It is a delightful tree with lovely white bells hanging from under the branches. I am looking forward to my tree being big enough to stand under. It is a wonderful sight to look up into and the flowers have a delicate scent. Last year it flowered in May in my garden and was a perfect match for the white Aquilegia growing alongside it which echoed its white bells at a lower level.
This year it is flowering in April and the Aquilegias are keeping to a different timetable. Perhaps I will put some of my Brunnera ‘Jack Frost’ seedlings round its feet. This plant has lovely heart shaped, silver leaves veined with green and sprays of bright blue forgetmenot flowers. It comes true from seed.
I love a blue and white combination so maybe I should try putting some of the lovely Corydalis ‘China Blue’ to make a frilly skirt at its feet.
On the other hand it is rather fun to echo the lovely white bells with more white bells so one has a whole carillon going on. Perhaps some white Dicentras and Polygonatum: Solomon’s Seal would look good with it.
The lovely Lilies of the Valley are just coming out so maybe a sea of these tiny white bells would look lovely growing round the Halesia. When it stops raining I shall go and play around with these different ideas.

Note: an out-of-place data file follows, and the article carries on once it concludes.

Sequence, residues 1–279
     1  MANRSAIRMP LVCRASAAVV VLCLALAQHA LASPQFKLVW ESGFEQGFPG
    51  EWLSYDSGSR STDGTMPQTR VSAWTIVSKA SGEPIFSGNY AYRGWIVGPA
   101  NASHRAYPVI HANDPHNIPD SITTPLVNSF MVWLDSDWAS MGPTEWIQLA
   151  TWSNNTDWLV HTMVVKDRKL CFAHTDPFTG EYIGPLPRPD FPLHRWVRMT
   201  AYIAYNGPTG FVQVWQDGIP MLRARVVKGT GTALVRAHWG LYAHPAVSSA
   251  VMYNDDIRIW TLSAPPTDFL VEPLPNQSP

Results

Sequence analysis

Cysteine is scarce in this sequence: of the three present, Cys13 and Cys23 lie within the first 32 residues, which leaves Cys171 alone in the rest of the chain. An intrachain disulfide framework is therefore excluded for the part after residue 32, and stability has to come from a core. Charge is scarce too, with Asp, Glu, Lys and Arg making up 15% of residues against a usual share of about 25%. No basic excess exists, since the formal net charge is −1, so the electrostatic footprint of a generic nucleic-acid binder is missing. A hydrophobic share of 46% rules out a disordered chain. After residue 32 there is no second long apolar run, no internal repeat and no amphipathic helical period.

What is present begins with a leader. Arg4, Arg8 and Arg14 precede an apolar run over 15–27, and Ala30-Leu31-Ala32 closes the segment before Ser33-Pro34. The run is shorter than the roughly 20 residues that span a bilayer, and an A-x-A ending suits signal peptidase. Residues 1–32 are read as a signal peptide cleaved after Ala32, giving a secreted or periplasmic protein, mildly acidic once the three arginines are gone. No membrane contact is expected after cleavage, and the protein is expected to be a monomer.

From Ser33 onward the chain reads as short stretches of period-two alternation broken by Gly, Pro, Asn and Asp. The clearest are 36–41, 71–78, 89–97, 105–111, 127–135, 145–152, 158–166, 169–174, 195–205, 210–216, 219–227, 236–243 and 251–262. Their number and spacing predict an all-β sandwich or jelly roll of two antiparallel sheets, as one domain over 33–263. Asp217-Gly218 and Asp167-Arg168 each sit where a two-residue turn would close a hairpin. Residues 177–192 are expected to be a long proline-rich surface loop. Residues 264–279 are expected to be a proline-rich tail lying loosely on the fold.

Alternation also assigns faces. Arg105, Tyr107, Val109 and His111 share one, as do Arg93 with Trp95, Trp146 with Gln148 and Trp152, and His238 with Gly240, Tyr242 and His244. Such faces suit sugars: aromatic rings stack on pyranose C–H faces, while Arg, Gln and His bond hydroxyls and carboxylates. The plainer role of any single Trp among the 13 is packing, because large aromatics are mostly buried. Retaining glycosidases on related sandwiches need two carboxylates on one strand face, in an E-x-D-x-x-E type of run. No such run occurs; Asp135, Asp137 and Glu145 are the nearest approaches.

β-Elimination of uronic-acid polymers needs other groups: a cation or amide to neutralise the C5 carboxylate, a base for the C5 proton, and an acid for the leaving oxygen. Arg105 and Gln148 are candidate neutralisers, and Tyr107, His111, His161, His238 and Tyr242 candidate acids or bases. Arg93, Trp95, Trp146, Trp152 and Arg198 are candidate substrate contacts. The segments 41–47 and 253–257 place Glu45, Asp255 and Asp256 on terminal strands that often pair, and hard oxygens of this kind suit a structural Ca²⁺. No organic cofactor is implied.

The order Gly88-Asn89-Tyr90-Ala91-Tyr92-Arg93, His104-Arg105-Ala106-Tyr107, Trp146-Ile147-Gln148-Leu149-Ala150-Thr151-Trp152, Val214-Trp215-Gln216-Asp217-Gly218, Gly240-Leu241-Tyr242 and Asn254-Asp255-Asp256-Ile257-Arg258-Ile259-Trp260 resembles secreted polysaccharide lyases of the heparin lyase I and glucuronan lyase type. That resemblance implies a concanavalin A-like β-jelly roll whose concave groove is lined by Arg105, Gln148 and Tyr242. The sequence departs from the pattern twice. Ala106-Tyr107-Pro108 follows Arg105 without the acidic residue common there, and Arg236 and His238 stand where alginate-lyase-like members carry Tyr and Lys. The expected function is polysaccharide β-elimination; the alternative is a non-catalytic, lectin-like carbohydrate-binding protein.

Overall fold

Halesias are members of the Styracaceae family. Halesia carolina is also easily available and it does not grow so tall. Its flowers are not as big though. I think I prefer the one I have. In America I believe this tree is called ‘Silver bells’. I am not sure why as they are white, becoming cream as they mature.You can also buy pink varieties but I think snowdrop trees should be white.
The Halesia is named after Stephen Hales who was an eighteenth century clergyman and highly esteemed scientist. There is a monument to him in Westminster Abbey. The tree was given this name by an eminent naturalist John Ellis who was an expert on coral and wrote a paper on it. He also distinguished himself in the field of botany by describing Halesias and Gardenias which were unknown at the time. Perhaps Halesias should bear his own name but Ellis chose to show his esteem and admiration for Hales by naming this genus after him.
Whatever its name it is a lovely tree. It needs a sunny position and a soil that doesn’t dry out. It would probably be happier on an acid soil but it seems to be fine without this, but I do give it a mulch of composted pine needles every year.